6. I’m really tired. Overloaded with new routine, getting kids out in the morning and being home on time, an influx of new students around me all day, many of them needing something from my office, and less sleep than normal come together to make Tired Laura.
  7. I guess I break things when I’m tired nowadays. I mean, this hasn’t been a thing for me in the past, but I think I’ve taken up a new hobby of breaking pottery. Yesterday I dropped my fave coffee mug in the morning and broke the handle off, and last night I dropped a coffee mug out of the cabinet. It fell onto a plate on the counter below, and both of them broke.

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My poor Willa Cather mug

Tired Laura probably should end this overgrown Facebook status-y blog post and go make some dinner. Or, you know, break some stuff.

The Choice

cropped-1918-2.jpgIf you’re on social media at all, I’m sure you’re up to your eyeballs in opinions: opinions about racial issues, opinions about abortion, opinions about Donald Trump. I scroll through my newsfeeds and see all sorts of opinions. I grew up in a conservative Christian home, attended a conservative Christian church as a child, and I work in a pretty conservative Christian environment. Among all of the opinions I hear and read on a daily basis, one theme winds itself around through most of them: many American Christians today claim that the government and cultural agents are slowly but surely eroding their freedom of religion.

I hear people say they think they’ll have to compromise their convictions because of laws regarding things like gay marriage and abortion. I hear them wishing that life would go back to the way it was when Christians were the majority and, even when people did not adhere to the Christian faith, they usually outwardly appeared to go along with it. The people I hear talking about this want America to be “a Christian nation again.”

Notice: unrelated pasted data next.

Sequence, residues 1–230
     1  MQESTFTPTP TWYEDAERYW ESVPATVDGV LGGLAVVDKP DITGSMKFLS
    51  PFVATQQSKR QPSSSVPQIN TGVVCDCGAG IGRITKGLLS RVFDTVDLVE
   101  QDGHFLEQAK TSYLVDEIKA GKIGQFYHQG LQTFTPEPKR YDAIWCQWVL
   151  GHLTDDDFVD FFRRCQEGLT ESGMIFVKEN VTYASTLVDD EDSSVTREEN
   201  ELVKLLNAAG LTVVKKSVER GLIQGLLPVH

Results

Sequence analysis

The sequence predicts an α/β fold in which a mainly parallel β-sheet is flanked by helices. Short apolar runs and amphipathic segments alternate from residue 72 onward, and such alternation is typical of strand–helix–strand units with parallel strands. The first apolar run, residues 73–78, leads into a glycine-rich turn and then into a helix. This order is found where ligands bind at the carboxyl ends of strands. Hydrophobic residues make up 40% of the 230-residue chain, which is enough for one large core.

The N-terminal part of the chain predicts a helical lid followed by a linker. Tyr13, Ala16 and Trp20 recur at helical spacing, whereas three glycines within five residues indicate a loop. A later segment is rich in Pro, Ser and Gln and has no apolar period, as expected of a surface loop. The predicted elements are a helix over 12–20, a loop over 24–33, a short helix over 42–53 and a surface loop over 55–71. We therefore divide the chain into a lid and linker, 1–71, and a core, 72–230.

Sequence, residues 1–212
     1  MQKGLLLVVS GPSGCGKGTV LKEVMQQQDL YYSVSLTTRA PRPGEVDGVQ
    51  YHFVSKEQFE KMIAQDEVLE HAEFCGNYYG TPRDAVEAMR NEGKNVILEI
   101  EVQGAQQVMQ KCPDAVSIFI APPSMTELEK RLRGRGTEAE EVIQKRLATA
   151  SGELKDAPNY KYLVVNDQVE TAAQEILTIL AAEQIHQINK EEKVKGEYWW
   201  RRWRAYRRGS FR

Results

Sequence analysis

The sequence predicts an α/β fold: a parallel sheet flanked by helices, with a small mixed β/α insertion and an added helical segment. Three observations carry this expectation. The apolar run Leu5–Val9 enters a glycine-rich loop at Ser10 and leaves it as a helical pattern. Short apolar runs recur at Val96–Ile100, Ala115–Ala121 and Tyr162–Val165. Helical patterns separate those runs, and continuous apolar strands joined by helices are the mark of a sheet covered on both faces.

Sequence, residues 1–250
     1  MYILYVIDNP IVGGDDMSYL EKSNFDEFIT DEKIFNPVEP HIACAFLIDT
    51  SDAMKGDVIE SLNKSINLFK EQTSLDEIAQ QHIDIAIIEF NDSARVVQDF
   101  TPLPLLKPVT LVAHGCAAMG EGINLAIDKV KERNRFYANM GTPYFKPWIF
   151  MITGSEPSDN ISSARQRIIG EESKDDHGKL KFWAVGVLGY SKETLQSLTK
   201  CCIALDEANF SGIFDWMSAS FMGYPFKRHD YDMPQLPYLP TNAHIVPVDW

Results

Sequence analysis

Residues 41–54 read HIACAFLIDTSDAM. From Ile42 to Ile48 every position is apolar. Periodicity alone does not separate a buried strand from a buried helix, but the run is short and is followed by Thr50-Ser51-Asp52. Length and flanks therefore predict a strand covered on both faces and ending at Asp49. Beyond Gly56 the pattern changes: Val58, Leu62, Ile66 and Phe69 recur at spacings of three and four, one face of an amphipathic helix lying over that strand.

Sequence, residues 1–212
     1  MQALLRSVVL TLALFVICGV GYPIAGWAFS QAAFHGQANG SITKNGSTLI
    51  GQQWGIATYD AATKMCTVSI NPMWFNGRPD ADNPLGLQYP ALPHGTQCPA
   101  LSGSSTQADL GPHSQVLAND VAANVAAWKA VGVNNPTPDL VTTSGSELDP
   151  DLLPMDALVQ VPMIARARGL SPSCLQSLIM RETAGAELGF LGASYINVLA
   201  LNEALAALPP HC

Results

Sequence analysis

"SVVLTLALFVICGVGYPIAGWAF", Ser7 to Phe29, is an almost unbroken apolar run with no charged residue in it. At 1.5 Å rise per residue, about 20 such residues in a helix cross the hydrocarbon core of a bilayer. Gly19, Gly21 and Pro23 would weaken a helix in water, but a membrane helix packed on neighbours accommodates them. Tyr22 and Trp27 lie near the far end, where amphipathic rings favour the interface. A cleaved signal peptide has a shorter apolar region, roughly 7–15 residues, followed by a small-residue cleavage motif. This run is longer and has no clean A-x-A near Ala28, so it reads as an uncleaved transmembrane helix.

US flagThe Challenge We Face

My husband said something profound about this topic this week. I knew when I married him he was super-smart, smarter than I can dream of being. But sometimes he says something that makes so much sense that I think to myself, “Man! Why didn’t I think of that?!” Then I remember: it’s because he’s super-smart.

We were driving down the street on our way to the library, where super-smarties like him go, and he said, “I think that American Christians are facing a huge challenge, and it’s not what we think it is.” He went on to explain himself by saying that Christians in America are used to feeling like America is a Christian nation. We’ve mixed Christianity and patriotism so well that we can’t tell the difference between what is Christian and what is American. We so badly want the government to uphold traditional Christian values that when the government acts like a secular force and not a Christian element we feel betrayed and angry. The challenge facing Christians in America in the coming years isn’t winning a culture war or standing up for our faith or our freedom.